Deep in the Valley of Texas you'll find the peaceful and artistic community of Harlingen, a progressive city of great museums, of public art, and rich musical traditions. This is the city of rock-n-roller Bill Haley. Nearby San Benito is home to Freddie Fender. In Harlingen you'll find a bronzed tribute to the heroes of Iwo Jima, and mural art in the most unexpected places.


Welcome to Harlingen, where flowers line the streets of historic Jackson Street District downtown, which has also become known as the Antiques Capital of the Valley. Here visitors shop for glassware, jewelry, vintage clothing, furniture, crafts and collectibles in dozens of unique shops and buildings restored to their 1930s and 1940s era splendor. The palm-lined business district features old-fashioned street lamps, sidewalk benches, coffee shops, and delis. Jackson Street is the site of many community festivals and events, Market Days on the first Saturday of each month, and the annual Christmas Parade.


Development of the Bottling Industry, another Knight mural, is displayed in Country Cupboard, 113 E. Jackson. It was commissioned by RC Cola Bottling in 1954 to document the production process. The mural shows how people long have used natural carbonated springwater for bathing and drinking.


Other murals with historical references include the Mexican village scene at Bernal Mexican Restaurant, 210 E. Jackson, painted by artist and teacher Nancy Russell. At Cobbleheads, 1601 W. Harrison, a mural incorporates Harlingen landmarks into a cityscape filling the west wall of this popular eatery.


Fountains, statuary, and lush gardens of ancient Italy transport diners at the Sombrero's, 115 E. Harrison. Painted in 1999 when the building played host to an Italian restaurant, this impressive work continues to delight restaurant patrons. The mural on the side of La Malinche Tortilla Factory, 620 S. F Street, shows the business' namesake serving in her traditional role as interpreter between Montezuma and Cortes. The mural was painted by Ramon Claudio of San Benito in 1995. Claudio also painted the mural on the side of the Auto Repair & Muffler Shop at 612 S. F Street. It features images from the Aztec legend of the founding of Tenochtitlan (Old Mexico City).


Several murals in Harlingen portray the beauty and diversity of flora and fauna along the border. The ceiling at Quips & Quotes, 709 S. Coronado Plaza, captures many neotropical migratory birds among the clouds, including Harlingen's official city bird, the Great Kiskadee. The fresco also includes a guardian angel watching over the cash registers. It was painted by Robert (Dan) McBain, art teacher at Harlingen High School, when the store was remodeled in 1998.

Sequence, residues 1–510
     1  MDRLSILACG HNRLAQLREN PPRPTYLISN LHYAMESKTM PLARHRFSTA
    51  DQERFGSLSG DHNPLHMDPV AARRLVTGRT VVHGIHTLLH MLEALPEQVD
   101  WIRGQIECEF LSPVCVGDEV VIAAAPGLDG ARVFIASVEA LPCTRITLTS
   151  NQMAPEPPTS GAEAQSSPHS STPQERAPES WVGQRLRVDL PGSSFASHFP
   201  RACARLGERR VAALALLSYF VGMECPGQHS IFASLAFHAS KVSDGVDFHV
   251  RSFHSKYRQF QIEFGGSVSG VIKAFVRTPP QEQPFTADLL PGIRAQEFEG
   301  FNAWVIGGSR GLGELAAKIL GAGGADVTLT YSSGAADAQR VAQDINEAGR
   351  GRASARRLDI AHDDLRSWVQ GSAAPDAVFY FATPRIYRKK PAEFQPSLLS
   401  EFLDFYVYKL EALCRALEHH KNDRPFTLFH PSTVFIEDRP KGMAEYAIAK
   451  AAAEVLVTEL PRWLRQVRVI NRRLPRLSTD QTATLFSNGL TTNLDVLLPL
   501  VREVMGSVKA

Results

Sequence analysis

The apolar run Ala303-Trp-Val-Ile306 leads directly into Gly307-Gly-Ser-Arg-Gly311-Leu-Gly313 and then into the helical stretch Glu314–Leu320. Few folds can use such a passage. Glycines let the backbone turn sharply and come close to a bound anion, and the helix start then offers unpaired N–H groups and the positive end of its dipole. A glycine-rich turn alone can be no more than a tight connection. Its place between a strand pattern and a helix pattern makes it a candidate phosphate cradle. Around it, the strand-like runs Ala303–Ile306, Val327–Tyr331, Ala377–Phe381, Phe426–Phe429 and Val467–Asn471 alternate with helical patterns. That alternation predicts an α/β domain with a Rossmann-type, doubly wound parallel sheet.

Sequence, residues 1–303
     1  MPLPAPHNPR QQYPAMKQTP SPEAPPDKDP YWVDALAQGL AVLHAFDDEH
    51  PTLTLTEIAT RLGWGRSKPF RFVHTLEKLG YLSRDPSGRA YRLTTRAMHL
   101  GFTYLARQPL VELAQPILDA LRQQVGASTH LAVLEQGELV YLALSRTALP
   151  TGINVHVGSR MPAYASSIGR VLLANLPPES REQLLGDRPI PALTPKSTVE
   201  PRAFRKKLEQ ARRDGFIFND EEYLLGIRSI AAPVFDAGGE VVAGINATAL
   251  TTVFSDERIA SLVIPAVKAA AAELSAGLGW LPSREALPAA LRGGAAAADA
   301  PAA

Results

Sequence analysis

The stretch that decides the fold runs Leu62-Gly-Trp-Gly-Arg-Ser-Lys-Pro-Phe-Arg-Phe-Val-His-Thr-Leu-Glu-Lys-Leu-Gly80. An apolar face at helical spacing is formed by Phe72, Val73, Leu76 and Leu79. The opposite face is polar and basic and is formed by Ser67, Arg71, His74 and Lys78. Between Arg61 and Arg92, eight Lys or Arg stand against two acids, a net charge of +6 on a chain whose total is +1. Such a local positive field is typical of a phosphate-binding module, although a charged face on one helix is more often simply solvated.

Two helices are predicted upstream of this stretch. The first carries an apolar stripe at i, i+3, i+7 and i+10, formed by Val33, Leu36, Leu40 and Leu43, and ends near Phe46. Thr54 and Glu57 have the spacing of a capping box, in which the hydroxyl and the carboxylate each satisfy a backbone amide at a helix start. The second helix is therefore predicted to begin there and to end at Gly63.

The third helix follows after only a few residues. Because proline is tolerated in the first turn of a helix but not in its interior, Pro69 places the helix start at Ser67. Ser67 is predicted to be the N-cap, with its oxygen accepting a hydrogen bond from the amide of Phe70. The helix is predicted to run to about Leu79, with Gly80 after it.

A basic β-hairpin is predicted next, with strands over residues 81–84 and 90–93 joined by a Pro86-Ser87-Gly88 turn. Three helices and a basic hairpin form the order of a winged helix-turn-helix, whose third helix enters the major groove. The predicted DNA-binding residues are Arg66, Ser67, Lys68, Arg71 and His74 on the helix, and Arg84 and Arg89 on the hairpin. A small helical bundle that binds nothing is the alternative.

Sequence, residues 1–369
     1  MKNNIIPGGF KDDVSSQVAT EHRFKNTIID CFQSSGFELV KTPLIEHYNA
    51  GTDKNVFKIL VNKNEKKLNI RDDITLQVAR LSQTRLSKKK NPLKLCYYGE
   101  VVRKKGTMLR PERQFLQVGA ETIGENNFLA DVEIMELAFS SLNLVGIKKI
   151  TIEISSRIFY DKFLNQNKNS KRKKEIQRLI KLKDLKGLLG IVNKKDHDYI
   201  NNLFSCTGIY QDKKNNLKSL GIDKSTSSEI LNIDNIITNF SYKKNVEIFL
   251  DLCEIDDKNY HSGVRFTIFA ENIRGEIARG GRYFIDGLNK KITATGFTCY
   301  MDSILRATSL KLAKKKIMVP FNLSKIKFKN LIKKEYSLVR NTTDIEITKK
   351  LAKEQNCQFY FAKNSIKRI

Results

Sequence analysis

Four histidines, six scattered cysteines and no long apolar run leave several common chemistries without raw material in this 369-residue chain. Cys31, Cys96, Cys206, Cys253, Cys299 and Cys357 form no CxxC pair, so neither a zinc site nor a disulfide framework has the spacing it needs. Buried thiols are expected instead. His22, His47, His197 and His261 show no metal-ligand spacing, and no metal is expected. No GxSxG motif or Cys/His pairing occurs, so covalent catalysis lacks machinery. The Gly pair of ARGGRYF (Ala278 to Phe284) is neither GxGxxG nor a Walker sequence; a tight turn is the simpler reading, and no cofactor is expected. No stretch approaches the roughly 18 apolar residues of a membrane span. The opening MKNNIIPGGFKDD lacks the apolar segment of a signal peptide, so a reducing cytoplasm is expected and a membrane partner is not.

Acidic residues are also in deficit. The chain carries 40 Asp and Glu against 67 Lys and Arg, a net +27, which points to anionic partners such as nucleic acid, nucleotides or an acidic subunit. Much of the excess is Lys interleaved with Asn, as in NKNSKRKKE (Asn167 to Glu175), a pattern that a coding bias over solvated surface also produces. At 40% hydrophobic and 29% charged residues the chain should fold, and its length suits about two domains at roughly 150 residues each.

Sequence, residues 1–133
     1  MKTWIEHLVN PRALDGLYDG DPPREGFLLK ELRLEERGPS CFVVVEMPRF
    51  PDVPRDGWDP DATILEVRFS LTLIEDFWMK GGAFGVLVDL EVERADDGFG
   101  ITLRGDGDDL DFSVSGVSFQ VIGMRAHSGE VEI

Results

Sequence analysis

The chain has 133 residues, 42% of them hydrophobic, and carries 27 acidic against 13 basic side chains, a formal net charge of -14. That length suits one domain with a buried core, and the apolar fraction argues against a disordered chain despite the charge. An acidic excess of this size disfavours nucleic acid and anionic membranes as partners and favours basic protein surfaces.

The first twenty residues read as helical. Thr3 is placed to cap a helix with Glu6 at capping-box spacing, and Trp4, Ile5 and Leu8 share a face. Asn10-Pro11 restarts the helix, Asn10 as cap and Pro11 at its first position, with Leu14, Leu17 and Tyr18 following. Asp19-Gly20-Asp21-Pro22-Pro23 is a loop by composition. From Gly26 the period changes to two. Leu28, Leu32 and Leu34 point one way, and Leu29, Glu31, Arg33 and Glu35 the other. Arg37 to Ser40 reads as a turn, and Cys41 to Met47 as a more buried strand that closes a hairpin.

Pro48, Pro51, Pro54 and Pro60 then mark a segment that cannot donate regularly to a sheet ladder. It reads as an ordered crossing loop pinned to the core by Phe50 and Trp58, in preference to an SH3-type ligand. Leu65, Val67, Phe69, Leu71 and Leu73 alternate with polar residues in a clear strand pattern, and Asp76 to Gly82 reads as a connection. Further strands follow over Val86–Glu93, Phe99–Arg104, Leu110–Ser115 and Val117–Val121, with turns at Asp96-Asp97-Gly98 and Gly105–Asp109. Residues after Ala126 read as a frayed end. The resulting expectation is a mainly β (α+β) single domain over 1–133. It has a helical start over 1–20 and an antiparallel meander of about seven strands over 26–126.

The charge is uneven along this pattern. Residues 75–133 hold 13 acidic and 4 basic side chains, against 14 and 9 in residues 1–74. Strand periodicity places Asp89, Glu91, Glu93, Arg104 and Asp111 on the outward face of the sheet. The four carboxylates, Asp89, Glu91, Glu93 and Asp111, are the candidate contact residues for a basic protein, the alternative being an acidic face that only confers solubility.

Water is the theme of many wall paintings at Clean Scene Laundromat, 819 W. Tyler. Inside, huge military macaws dominate a moonlit scene of a tropical waterfall. Outside two large waterfalls serve as backdrop for a scene of daily life along a riverbank in Mexico.


Smaller paintings of the business' products, including bottled water, ice, and a washing machine appear over the entrances. These murals were painted by a Mexican artist passing through Harlingen in 1998.


With financial support from the city, businesses and community service agencies, several "community murals" were created in the 1990s. The mural on the exterior of Frank's Emporium, 123 E. Jackson, is a montage of Harlingen landmarks. The Literacy Center mural, on the east of the facility at 101 E. Monroe, was a community project. Artist Phil Yeh involved children and adults in producing a whimsical mural of storybook characters to promote reading and beautify the area.


A mural created in early 2000 for the interior of the First National Bank of San Benito, 806 S. 77 Sunshine Strip, pays homage to the Valley's strong religious traditions. Harlingen artist Dan McBain's mural features five historic churches of the San Benito/Harlingen area. The biblical story of the Good Samaritan appears on the side of the old Grande Theatre, 507 W. Harrison.


The first inhabitants of the area were the native Coahuiltecans, who fished and gathered plants for food. Next Spanish explorers and then settlers claimed the land. The flags of Mexico, Texas, the Confederacy and the United States have all flown here in Harlingen. By the time Texas joined the Union in 1845, Harlingen was a thriving community with the Rio Grande River adding much to the local economy.


The community was established by Lon C. Hill, a local lawyer. He named it after a community in Holland where similar canals and irrigation had stimulated that area as he hoped the area of Harlingen would also thrive. Due to its proximity to the railroad and the river, Harlingen did just that and continues today to serve as a major crossroad for business and more.


Harlingen was once known as "Six-shooter Junction." Texas Rangers and Immigration officers had to work hard to maintain order here.


Harlingen was founded in 1910.


Other Attractions include:

Iwo Jim War Memorial

on the Marine Military Academy

Phone: 210-412-2207

Toll-free: 800-365-6006


Rio Grande Valley Museum

Harlingen, Texas 78550

Phone: 956-430-8500


Laguna Atascosa National Wildlife Refuge

(956) 748-3607

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